Increasing rocket attacks in Syria's Latakia may undermine chemical weapons destruction
Five rockets have targeted Syria's main transit port for its chemical weapon destruction since the start of the month, according to Reuters.
Earlier this month, a rocket landed 500 meters away from the Latakia hotel hosting the joint U.N, mission who is responsible for the oversight of the weapons' destruction in conjunction with the Organization for the Prohibition of Chemical Weapons (OPCW).
"It was a bit too close for comfort," a U.N.-OPCW mission official said. "It was similar to earlier incidents in Damascus [when mortar bombs landed near our hotel in the capital]."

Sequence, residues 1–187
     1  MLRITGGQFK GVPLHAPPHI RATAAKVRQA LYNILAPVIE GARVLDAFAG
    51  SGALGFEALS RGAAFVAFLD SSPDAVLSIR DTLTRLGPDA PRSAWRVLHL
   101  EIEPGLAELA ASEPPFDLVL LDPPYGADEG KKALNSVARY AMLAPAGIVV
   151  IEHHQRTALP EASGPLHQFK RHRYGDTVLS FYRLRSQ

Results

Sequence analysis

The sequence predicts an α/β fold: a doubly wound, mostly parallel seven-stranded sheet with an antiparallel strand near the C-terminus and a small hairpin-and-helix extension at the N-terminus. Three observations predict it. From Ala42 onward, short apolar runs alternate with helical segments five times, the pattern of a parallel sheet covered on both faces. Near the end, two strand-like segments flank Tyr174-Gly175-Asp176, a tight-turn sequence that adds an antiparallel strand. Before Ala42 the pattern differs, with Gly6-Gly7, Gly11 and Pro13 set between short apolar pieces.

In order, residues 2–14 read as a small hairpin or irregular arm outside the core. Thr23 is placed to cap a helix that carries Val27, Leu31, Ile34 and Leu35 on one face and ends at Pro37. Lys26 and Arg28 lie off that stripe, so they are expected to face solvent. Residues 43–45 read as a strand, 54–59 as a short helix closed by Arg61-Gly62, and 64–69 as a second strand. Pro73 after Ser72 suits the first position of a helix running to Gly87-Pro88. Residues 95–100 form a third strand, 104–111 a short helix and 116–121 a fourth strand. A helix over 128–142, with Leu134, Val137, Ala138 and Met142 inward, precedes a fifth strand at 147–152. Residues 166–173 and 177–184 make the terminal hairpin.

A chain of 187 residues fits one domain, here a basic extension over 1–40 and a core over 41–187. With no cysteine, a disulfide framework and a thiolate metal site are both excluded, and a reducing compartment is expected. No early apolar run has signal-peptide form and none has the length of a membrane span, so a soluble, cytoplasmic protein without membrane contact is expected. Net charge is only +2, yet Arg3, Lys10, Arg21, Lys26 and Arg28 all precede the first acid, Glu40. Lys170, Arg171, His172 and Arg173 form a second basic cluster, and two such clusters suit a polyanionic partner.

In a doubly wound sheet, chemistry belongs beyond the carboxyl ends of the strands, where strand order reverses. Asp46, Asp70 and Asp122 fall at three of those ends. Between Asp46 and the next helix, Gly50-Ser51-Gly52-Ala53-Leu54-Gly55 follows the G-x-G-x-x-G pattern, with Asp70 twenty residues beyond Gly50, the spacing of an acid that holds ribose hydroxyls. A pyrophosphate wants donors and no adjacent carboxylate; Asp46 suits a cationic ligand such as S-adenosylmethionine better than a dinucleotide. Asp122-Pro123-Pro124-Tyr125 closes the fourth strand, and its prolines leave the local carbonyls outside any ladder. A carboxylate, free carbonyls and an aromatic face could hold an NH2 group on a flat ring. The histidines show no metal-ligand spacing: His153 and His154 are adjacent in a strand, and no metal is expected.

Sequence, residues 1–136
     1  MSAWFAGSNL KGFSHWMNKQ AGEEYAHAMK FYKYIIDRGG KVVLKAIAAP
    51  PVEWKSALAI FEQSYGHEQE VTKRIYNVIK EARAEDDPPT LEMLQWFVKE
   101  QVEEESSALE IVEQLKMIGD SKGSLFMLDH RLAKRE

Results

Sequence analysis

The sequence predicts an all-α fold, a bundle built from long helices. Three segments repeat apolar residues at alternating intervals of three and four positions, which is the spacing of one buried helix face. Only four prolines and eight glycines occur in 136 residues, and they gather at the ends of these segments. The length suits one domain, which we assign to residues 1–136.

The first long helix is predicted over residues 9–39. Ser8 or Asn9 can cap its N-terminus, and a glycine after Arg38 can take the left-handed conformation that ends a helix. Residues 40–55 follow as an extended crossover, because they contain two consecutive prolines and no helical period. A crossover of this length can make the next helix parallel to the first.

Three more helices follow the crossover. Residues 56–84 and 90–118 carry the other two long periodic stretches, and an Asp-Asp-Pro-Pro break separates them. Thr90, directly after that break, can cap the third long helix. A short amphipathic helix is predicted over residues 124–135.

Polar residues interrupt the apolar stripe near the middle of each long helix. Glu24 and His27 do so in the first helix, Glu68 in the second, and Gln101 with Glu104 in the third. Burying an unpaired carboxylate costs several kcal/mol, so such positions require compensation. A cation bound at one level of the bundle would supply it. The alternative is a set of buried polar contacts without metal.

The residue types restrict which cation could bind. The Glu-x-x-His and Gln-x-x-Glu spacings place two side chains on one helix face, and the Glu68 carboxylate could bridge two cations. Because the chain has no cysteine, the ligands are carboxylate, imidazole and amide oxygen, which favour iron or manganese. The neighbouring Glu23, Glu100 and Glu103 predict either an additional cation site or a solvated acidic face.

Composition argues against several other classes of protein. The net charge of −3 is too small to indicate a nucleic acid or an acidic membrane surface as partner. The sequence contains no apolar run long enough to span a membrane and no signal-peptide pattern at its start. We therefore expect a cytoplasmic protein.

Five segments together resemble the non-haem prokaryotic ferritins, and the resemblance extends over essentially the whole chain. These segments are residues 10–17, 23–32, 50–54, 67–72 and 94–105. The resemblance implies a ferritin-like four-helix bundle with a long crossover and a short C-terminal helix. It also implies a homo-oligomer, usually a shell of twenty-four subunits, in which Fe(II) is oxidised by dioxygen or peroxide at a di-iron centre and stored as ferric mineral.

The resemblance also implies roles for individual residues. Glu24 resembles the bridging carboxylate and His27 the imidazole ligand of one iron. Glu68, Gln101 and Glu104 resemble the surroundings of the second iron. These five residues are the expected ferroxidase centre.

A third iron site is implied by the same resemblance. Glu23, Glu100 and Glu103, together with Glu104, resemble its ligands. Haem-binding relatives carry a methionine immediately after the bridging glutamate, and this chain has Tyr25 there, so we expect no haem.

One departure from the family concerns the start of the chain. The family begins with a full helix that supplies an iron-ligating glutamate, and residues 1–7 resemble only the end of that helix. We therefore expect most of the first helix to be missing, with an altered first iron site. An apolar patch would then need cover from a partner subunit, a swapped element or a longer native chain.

Three other rockets reportedly killed a taxi driver and wounded six others in the port city, according to the Syrian Observatory for Human Rights.
Other rockets fell into the sea, but no chemical transports were hit in the process.
The attacks are allegedly the first of their kind in the government-controlled city, according to the observatory.
The Syrian government has repeatedly blamed security issues for its failure to meet the specified deadlines for removing its chemical weapon stockpile from the country. Damascus said last month that convoys carrying chemical weapons were subject to two attempted attacks while they attempted to transport the materials to Latakia.
Syria is supposed to have its entire chemical weapon stockpile removed by June 30 as specified under a U.S.-Russia brokered agreement from September 2013.